Till Then (1944 song)

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"Till Then" is a popular song written by Eddie Seiler, Sol Marcus, and Guy Wood and published in 1944.

The song was a plea (presumably by a soldier off to fight the war) to his sweetheart to wait for him until he could get back home. Like many war-themed songs, it enjoyed great popularity when it came out in 1944, and versions by The Mills Brothers and the Les Brown orchestra dominated the charts. The recording by The Mills Brothers was released by Decca Records as catalog number 18599. It first reached the Billboard magazine Best Seller chart on September 21, 1944, and lasted three weeks on the chart, peaking at No. 8[1] (a two-sided hit, backed by "You Always Hurt the One You Love"). It also topped the R&B charts.

Ten years later, the song once more became quite popular. Both a doo-wop version by Sonny Til & The Orioles and a traditional pop version by The Hilltoppers charted that year. The recording by The Hilltoppers was released by Dot Records as catalog number 15132. It first reached the Billboard magazine Best Seller chart on January 23, 1954, and spent eleven weeks on the chart, peaking at No. 10.[1]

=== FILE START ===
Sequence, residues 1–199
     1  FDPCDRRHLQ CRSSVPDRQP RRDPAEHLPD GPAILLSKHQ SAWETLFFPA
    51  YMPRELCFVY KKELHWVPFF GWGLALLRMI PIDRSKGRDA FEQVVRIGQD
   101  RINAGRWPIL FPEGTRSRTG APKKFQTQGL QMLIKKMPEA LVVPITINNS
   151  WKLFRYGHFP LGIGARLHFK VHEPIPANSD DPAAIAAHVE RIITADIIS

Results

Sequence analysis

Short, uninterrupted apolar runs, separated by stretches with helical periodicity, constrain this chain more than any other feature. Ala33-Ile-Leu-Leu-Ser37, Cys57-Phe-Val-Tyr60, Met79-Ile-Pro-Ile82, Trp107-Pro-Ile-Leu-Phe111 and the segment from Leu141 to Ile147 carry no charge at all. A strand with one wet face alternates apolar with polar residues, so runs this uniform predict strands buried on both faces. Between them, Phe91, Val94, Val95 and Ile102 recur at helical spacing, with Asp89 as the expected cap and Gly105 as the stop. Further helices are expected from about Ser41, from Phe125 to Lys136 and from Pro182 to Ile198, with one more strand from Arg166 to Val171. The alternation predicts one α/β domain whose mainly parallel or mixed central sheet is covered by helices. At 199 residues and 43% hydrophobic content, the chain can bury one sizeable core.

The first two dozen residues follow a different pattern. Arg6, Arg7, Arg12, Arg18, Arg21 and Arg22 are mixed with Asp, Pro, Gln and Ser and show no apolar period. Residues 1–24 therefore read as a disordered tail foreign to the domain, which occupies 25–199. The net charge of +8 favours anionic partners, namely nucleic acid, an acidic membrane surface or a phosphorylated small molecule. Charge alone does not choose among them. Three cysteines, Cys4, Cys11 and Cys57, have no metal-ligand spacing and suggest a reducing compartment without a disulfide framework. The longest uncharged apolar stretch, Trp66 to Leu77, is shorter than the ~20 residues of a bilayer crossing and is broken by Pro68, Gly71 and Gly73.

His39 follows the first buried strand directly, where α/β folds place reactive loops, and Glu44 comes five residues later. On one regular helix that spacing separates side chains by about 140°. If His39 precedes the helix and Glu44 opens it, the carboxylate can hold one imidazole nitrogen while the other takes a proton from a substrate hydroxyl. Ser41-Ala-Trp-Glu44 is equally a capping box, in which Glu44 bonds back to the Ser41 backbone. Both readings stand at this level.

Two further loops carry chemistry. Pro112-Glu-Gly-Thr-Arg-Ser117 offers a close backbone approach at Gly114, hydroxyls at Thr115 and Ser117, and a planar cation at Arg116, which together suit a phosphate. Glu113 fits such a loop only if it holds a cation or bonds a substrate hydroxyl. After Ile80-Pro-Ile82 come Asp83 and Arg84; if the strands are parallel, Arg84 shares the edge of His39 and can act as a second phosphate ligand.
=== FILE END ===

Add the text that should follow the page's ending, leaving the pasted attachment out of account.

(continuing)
The song has continued to be popular, with versions recorded in later years by such as Sammy Davis Jr., James Brown, and Al Martino. A 1963 version by The Classics reached No. 20 on the chart.

The Mills Brothers' version of the song was featured on an episode of the TV show The Others entitled "Till Then" (April 29, 2000, Season 1 - Episode 10).

The Mills Brothers' recording of the song can be heard in Millennium episode "Matryoshka", which starred Lance Henriksen and first aired on 19 February 1999.

The song has recently been covered by the Missouri band The Cotton Mollies.

Recorded versions[edit]

References[edit]

  1. ^ a b Whitburn, Joel (1973). Top Pop Records 1940-1955. Menomonee Falls, Wisconsin: Record Research. 
Preceded by
"G.I. Jive" by Louis Jordan and His Tympany Five
Billboard Harlem Hit Parade number-one single
The Mills Brothers version
August 19, 1944
Succeeded by
"G.I. Jive" by Louis Jordan and His Tympany Five